Hunting the Elusive First “Ms.”

Ben Zimmer at Visual Thesaurus:

10s Some have theorized that Ms. has roots long before the 20th century. One piece of evidence that has been put forth is the tombstone of Sarah Spooner, who died in 1767 in Plymouth, Massachusetts. As you can see from this image, what appears on the headstone is M with a superscript s. As Dennis Baron writes in his excellent book Grammar and Gender (1987), “it is certainly an abbreviation of Miss or Mistress, and not an example of colonial language reform or a slip of the chisel, as some have suggested.”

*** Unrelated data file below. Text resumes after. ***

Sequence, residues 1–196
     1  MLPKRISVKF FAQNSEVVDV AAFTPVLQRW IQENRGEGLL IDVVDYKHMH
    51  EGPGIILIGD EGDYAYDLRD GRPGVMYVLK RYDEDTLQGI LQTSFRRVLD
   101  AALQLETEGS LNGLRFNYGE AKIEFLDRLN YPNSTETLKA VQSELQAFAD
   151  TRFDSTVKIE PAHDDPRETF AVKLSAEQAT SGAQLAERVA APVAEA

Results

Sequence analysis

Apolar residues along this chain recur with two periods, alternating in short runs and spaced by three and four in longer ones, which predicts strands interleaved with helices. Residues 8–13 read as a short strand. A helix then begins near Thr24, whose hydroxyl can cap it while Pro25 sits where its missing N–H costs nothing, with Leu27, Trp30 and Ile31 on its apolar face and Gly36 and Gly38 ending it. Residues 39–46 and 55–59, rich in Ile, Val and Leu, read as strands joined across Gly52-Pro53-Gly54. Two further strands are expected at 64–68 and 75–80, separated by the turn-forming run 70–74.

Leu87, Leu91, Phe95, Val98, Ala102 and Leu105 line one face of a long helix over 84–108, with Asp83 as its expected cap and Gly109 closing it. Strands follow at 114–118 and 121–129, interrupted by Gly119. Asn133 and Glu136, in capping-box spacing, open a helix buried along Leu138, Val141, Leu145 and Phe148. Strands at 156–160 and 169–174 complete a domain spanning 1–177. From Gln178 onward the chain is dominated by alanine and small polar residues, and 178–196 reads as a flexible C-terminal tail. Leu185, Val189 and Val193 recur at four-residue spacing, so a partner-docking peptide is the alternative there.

There things stood until 2004, when I happened upon this tantalizing little notice in the Humeston (Iowa) New Era of Dec. 4, 1901 (thanks to the Newspaperarchive database):


The writer seems confused about the Springfield Republican proposal since he (or she, but probably he) guesses that Ms. is an abbreviation of some longer word. That's a confusion that persists among those who assume Ms. is an abbreviated form of Miss or Missus, but the Republican article puts forth Ms. without any particular expansion.

More here.